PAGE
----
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This spectacular Thailandite from the Khorat Plateau region of northeastern Thailand, exhibits exceptionally well-developed skin splits. These formed after the skin had cooled sufficiently to react in a brittle manner while the interior remained soft and gooey. When this water balloon-like blob splatted, the skin split open revealing the viscous interior. Note the contrast in skin ornamentation between the two regions.

I am often asked if I consider these to be “stretch” tektites. I don’t, but in principal they are exact equivalents. The classic Nininger stretch tektites involve a bending angulation, where the degree of angulation is matched by a similarly angled split along the opposite edge. The difference is academic, but good stretch tektites following this definition are quite rare and expensive, while skin splits or starburst rays are quite common. The starbursts typically radiate from an indentation along the rim , possibly reflecting an impact point. The pattern is often termed a “dragon track” in China.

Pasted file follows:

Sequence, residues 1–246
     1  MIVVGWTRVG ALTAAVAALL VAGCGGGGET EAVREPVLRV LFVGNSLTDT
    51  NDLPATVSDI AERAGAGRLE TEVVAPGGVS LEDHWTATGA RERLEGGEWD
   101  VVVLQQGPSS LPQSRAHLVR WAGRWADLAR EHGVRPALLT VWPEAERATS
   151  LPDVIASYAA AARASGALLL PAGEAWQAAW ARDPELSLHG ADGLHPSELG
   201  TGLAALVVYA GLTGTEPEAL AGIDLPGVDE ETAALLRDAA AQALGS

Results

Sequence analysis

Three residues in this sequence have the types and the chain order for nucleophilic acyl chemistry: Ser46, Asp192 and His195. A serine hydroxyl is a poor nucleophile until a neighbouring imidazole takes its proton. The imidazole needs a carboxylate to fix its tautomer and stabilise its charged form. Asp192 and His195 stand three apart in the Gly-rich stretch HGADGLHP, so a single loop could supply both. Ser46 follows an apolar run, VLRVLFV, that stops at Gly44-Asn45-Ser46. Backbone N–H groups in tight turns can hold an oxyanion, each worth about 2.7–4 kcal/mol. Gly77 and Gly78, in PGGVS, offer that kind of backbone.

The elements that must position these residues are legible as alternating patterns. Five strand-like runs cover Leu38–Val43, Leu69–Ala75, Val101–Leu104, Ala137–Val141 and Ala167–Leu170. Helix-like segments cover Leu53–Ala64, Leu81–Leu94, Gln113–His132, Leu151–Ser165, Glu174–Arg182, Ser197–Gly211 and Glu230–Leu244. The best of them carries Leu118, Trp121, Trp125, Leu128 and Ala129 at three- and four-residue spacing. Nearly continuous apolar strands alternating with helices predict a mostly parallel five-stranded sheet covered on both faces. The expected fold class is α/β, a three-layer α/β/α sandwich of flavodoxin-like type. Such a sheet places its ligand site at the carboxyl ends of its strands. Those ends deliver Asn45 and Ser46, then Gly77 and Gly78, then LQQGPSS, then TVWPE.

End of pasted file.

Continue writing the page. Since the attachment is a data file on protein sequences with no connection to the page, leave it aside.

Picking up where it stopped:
About the Author

Norm Lehrman is a recently retired exploration geologist with over 45 years experience. His career involved fieldwork in over 35 countries on every continent except Antarctica. While stationed in Australia, Norm and his wife, Cookie, became interested in collecting Australites, which ultimately led to a generalized passion for tektites, impactites, meteorites and related materials. In 1999 they founded the Tektite Source business (www.TektiteSource.com) which has evolved into one of the world's premier providers of tektite and impactite specimens. Norm has retired to a ranch near Spokane, Washington, where they continue to serve tektite aficionados worldwide.